When Baby Monkeys Throw Public Temper Tantrums, Moms Often Give In

By Eliza Strickland | March 11, 2009 10:46 am

monkey tantrumHuman toddlers aren’t the only ones who throw tantrums to get their way, and human parents aren’t the only ones who give in, guiltily, to avoid causing a scene. Researchers have found that rhesus macaque monkeys engage in very similar behavior, in which baby monkeys pitch screaming fits until their mothers give in and feed them in order to prevent attacks from irritated onlookers. Explains lead researcher Stuart Semple: “The baby monkeys’ cries are high-pitched, grating and nasty to listen to – not just to their mother but to animals nearby. And we found that the way mothers respond to their crying infants is affected by who is around them at the time” [BBC News].

Researchers observed the behavior of wild monkeys on the island of Cayo Santiago, Puerto Rico. When a baby wanted to nurse but the mom wasn’t willing the shrieks started up, and researchers then monitored the actions of baby, mom, and any other monkeys within six feet. The researchers noted that during a temper tantrum the onlookers seemed bothered and on occasion made threatening gestures, or even chased, grabbed or bit the mother or the infant. Most of the aggression came from monkeys that weren’t close relatives and outranked mom in the social hierarchy. Her relatives proved more tolerant [Science News].

If the baby threw its fit when there weren’t any bystanders, the mother allowed it to nurse only 39 percent of the time, researchers write in the study published in Proceedings of the Royal Society B. But when dominant, unrelated onlookers were nearby, the mother gave in 81 percent of the time. Previous research has found that nonhuman primates pay attention to eavesdropping bystanders, “but this is the first demonstration that communication between mother and infant is affected by an audience,” Maestripieri says [Science News], comments behavioral biologist Dario Maestripieri.

Semple added that while there had been no directly comparable studies carried out on humans, some anecdotal reports suggested that human mothers were more likely to acquiesce to a screaming child if faced with irritated onlookers…. “When I tell any parents of young children about this research, they get it immediately – they’ve felt this kind of bystander effect when their own offspring is having a public tantrum” [BBC News], he says.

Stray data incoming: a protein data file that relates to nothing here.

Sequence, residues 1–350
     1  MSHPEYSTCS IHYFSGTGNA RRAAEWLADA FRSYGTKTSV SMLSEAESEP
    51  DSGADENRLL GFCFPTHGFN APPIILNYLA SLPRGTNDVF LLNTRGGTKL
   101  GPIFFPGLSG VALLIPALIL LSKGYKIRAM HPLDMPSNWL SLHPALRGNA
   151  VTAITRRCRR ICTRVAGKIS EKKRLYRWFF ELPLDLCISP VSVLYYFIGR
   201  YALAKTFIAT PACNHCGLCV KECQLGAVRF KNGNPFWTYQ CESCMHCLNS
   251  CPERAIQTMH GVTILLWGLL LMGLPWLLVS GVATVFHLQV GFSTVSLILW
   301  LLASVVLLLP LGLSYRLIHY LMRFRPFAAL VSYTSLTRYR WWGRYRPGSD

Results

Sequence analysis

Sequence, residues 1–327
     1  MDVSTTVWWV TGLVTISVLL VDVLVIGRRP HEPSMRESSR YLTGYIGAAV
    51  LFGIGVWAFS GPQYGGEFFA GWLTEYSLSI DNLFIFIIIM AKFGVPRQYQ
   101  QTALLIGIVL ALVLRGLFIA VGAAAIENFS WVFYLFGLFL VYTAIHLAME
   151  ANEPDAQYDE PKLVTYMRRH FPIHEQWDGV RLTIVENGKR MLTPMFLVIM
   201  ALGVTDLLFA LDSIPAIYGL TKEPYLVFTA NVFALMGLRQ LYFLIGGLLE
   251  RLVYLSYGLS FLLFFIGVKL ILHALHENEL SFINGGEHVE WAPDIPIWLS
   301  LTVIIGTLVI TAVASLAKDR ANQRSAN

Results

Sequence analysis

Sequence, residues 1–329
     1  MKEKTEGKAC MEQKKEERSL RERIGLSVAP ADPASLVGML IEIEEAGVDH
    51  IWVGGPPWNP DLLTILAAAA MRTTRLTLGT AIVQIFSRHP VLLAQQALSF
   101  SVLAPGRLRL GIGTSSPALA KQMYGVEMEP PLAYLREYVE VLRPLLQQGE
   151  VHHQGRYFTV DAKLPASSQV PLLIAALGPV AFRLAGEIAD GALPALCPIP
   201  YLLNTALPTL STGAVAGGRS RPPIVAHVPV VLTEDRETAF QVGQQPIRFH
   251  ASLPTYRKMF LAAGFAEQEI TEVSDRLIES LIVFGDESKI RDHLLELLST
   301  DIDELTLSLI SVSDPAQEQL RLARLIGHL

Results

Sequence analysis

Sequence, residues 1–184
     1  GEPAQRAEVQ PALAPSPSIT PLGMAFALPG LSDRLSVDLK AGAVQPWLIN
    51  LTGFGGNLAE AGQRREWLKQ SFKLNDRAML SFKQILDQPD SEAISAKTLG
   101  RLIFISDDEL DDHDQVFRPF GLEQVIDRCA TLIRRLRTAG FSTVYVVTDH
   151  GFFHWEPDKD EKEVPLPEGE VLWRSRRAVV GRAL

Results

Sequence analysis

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Image: Stuart Semple

  • beach bum

    My husband tried to buck this trend (of trying to shut the kid up before bystanders go beserk) on an AIRPLANE of all places. It was the most excruciating 180 seconds of my son screaming for me, and me stage-whispering, “Just give him to me right now!” while my husband insisted that the 1 year old stop crying and ask nicely first. Finally I grabbed the baby and the horrible noise stopped, and the baby and I laughed together while my husband sulked about the botched “learning opportunity.” UGH! I can relate to the “pushover” mama monkeys!

  • http://blogs.discovermagazine.com/80beats/ Eliza Strickland

    Heh — given how people can devolve into grumpy and uncivilized hominids on airplanes, you may have made the right call. Otherwise some pissed off business traveler might have come over and bitten both you and the kid.

  • Glenn Holt

    The problem isn’t the audience effect, the problem is putting hominids on airplanes to begin with.

  • http://www.beckybailey.com/ Drew Bear

    I started very young with my son by removing him from a situation if he threw a tantrum. It didn’t matter where he was, if he couldn’t control himself I would stop what I was doing and take him to the car. If he still couldn’t calm down (which wasn’t often) we went home. We didn’t return to what we were doing until he had himself under control. It wasn’t very fun for me for awhile (missed out on fun things) and the embarassment was still there (people do not hesitate to stare at you like you are a bad parent if you don’t quiet a child immediately) but he learned very quickly that if he wanted to do fun things he had to behave himself. Children are clever and opportunistic – I myself remember that I would wait until my mom was half asleep to ask her things because she was more likely to say ‘yes’ just to get me to go away so she could go back to sleep. The good news is they only do things if they pay off. Every good tantrum needs an audience and if he gets what he had the tantrum over, that only makes it a go-to tactic next time, but if you consistenly take away the pay-off and remove them from the source of frustration, tantrums go away very quickly – you have a child that understands that that is not an acceptable way to get what he wants.


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